NEW YORK (CNNMoney) -- In the years before Maribel Lieberman left Honduras for the United States, her mother pleaded for her to ditch dreams of architecture school.
Learning English and aspiring to be a bilingual secretary was more realistic, she told her.
The girl took her mother's advice, attended secretarial school and left for New Orleans in 1980. She was 17 at the time.
Lieberman's tourist visa soon became a student visa, and she turned a secretarial job for a Colombian urologist into a sales position at a Japanese cosmetic company.
Fast forward to the late 1990s, and she was married to a Belgian art dealer in New York City. She enjoyed cooking and entertaining guests, and that inspired her to create a catering company.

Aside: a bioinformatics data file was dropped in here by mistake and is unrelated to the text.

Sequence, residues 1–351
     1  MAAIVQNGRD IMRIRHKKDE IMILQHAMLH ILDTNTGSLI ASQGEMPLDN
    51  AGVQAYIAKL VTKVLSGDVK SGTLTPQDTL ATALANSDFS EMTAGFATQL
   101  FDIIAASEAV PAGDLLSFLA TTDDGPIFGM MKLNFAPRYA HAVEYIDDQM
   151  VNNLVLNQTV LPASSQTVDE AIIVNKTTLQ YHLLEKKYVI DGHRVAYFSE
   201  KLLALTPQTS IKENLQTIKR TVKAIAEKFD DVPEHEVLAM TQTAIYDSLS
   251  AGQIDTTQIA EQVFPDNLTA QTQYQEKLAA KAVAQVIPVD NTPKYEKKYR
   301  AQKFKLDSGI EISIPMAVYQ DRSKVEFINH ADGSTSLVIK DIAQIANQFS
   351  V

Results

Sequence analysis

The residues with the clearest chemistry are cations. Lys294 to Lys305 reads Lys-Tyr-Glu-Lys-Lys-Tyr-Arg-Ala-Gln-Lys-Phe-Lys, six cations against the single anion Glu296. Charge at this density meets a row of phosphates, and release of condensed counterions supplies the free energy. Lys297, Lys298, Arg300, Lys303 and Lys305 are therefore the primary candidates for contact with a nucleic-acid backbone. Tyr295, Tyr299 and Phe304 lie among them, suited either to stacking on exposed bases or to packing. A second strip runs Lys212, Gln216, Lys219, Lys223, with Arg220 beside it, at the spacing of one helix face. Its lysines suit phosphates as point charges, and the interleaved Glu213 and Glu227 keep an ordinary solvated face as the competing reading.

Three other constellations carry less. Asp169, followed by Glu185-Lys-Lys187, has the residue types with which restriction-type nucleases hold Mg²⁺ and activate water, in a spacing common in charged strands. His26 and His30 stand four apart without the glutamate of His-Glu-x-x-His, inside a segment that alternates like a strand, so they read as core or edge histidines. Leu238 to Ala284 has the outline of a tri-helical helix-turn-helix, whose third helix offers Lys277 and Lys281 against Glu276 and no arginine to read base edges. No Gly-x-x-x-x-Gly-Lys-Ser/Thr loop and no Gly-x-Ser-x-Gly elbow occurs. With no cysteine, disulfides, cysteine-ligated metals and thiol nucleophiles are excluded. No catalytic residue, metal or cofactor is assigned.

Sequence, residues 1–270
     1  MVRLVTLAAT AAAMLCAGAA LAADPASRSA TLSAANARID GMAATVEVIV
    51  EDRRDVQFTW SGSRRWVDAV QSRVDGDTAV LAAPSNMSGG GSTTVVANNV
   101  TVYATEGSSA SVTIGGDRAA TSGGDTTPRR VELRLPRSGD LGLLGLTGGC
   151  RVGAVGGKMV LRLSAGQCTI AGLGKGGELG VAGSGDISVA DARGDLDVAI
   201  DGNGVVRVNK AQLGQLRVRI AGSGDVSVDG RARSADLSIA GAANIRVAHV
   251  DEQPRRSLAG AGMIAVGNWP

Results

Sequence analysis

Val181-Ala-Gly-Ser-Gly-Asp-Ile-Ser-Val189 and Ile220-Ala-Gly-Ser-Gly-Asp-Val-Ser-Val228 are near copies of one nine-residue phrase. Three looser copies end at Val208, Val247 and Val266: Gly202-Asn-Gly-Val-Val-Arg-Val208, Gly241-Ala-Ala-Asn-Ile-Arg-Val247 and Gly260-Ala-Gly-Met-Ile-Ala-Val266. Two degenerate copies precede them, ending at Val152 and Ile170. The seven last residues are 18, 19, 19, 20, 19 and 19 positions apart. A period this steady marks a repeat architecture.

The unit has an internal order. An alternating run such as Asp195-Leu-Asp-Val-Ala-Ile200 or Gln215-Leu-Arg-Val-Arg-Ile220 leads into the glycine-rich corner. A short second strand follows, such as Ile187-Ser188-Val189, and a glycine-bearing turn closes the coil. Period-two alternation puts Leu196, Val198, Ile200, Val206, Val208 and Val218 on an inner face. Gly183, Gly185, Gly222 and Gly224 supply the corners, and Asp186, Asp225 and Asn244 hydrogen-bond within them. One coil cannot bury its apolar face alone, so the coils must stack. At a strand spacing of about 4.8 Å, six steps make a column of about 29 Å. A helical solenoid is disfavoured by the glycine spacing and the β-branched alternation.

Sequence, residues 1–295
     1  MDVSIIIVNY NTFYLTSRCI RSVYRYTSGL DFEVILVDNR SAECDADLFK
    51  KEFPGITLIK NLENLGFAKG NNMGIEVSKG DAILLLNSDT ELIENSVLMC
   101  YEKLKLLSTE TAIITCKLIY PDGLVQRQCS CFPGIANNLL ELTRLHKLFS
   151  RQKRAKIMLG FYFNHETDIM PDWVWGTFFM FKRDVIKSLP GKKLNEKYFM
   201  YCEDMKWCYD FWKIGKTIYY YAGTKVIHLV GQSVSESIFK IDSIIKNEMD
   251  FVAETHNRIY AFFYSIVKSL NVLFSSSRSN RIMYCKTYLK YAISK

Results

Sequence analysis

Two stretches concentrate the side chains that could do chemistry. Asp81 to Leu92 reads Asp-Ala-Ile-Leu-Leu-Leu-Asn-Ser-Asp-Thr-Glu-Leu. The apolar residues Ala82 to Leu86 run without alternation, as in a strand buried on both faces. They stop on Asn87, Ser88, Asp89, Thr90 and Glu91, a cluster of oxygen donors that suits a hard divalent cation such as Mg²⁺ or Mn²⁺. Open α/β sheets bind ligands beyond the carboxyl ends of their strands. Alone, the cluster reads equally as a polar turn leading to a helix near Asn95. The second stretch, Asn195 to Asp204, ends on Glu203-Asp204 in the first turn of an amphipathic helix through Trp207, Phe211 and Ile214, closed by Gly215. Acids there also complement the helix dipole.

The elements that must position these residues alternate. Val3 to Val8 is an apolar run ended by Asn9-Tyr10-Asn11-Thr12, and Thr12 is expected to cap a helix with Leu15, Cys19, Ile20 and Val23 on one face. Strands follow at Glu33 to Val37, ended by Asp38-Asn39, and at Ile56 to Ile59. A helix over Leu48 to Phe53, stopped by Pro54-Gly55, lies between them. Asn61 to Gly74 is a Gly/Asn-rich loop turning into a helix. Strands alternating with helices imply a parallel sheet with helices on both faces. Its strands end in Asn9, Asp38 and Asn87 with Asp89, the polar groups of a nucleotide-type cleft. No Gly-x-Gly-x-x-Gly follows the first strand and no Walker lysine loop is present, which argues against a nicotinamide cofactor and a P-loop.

With that enterprise, Lieberman said she served high-profile clients like then-president Bill Clinton and the late American diplomat Richard Holbrooke. When customers fell in love with her chocolate truffles, she decided to start a shop dedicated entirely to those sweets.
She designed treats, imported them from France and launched MarieBelle New York. In 2004, she stopped importing and built her own factory nearby, where she now employs 23 people.
Her obsession with natural flavors started when she was a little girl in Jutiquile, a village of 1,000 located deep in the Honduran mountains. Her mother was the town seamstress and her father the only telegraph operator.
As a girl she was known as "Caramel" for the sugary and buttery candies she sold to classmates for one cent a piece.
"Everything was very natural, and I attribute the palate I have today to the way I grew up," she said. "I've always been an entrepreneur, I just didn't know it."
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